My heart is knocking loudly against my chest, and silence rings in my ears. It’s always the same.
Exams bring me a dry mouth, the shakes and vomit-inducing nerves. This one is no different. I swallow and have a sudden memory of my young self on the terrifying day of my English A-level, desperately trying to collect my thoughts in a stuffy, overheated sports hall while my coughing, fidgeting peers were scribbling away around me. Has anyone else started writing? I look around and – I’m sitting in bed, looking at my laptop. The only invigilator is my cat. I gaze regretfully at my lackluster notes, cross my fingers and press “enter”.
The success of online learning lies, supposedly, in its accessibility, The Independent reports. It can be done anywhere; hurriedly on the bus to work, leisurely in a café at lunchtime or at home when the kids have gone to bed. Whether you’re in the middle of your career, bringing up a young family, or just passing the time between jobs, digital courses, in theory, provide busy people with an opportunity to learn on their own terms.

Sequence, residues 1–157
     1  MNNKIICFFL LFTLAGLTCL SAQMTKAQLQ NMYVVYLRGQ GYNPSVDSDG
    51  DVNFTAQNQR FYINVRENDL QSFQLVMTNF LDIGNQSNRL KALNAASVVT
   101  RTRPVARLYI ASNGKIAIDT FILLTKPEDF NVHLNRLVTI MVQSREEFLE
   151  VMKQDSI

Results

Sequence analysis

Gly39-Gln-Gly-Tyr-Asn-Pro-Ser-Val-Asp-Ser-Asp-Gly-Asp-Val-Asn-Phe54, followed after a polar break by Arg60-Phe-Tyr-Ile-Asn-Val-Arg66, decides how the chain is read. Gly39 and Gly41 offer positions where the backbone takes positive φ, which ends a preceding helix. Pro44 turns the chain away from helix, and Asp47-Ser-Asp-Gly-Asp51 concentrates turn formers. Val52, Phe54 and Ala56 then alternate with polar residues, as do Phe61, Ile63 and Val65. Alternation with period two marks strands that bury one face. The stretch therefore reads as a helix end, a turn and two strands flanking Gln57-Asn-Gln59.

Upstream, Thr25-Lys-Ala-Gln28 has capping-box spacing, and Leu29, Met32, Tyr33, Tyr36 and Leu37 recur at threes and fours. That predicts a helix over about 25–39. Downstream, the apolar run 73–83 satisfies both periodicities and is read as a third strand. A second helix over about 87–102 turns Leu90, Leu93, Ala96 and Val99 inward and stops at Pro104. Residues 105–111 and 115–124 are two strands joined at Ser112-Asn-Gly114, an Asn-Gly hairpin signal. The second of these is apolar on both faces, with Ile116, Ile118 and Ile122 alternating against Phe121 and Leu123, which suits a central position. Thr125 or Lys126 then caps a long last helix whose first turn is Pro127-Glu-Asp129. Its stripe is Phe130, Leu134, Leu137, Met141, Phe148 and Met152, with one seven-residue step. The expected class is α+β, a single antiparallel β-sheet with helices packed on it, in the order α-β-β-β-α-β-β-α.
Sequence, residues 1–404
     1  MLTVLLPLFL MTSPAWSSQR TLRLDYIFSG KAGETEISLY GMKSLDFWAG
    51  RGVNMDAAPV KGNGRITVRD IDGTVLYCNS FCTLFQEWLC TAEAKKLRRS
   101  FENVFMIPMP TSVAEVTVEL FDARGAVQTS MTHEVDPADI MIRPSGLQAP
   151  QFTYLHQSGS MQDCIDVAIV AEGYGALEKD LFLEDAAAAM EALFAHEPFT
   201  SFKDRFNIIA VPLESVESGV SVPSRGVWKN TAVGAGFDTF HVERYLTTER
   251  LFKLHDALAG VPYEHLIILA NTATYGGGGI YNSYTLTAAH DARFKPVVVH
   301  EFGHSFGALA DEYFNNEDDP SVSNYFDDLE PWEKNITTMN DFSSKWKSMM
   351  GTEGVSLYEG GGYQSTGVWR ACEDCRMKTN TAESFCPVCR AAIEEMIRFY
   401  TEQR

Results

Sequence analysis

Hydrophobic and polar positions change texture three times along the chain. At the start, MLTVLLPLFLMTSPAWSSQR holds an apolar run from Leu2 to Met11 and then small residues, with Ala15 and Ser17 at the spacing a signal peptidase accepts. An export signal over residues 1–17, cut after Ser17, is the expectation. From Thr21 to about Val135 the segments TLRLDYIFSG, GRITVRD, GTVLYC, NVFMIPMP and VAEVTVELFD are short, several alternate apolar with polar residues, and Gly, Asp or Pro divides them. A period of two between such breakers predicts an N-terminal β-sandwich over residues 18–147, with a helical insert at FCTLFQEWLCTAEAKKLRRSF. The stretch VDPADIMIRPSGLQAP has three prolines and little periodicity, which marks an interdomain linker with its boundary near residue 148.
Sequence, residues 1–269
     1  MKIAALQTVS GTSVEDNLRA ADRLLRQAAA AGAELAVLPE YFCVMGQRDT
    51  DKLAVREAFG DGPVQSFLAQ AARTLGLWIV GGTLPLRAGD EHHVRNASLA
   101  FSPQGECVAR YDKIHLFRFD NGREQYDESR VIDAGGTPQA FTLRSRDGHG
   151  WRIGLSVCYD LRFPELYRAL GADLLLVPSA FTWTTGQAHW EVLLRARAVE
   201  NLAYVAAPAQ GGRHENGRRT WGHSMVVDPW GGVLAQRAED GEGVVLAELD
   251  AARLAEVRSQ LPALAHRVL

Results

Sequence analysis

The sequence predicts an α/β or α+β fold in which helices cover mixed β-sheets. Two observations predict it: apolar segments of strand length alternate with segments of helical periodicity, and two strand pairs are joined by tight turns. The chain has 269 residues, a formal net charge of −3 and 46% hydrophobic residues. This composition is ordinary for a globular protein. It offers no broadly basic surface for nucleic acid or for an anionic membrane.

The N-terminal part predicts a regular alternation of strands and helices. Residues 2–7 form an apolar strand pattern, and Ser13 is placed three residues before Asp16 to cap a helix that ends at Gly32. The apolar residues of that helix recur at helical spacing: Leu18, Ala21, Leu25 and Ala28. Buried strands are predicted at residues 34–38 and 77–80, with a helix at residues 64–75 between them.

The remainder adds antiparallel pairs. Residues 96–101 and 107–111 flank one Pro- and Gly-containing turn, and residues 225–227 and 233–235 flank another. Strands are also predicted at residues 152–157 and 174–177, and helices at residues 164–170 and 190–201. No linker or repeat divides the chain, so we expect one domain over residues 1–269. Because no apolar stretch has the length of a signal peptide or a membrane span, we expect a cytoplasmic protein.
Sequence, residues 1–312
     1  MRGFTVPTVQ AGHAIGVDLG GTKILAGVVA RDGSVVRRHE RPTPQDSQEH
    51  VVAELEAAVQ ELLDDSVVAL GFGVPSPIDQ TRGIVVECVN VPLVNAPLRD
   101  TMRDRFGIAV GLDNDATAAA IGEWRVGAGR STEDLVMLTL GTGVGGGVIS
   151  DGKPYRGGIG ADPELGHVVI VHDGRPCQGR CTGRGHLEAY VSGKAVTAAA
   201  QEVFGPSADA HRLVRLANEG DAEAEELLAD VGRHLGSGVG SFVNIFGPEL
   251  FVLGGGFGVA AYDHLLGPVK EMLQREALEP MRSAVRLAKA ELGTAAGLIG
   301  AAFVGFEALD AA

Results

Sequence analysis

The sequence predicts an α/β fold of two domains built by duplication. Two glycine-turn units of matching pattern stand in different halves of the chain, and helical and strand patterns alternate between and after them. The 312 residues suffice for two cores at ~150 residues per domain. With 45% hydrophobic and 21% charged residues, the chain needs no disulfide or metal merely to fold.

This autumn, FutureLearn was launched by the Open University, an initiative that will see free online courses (MOOCS, which stands for massive open online courses) made available to thousands of people around the world.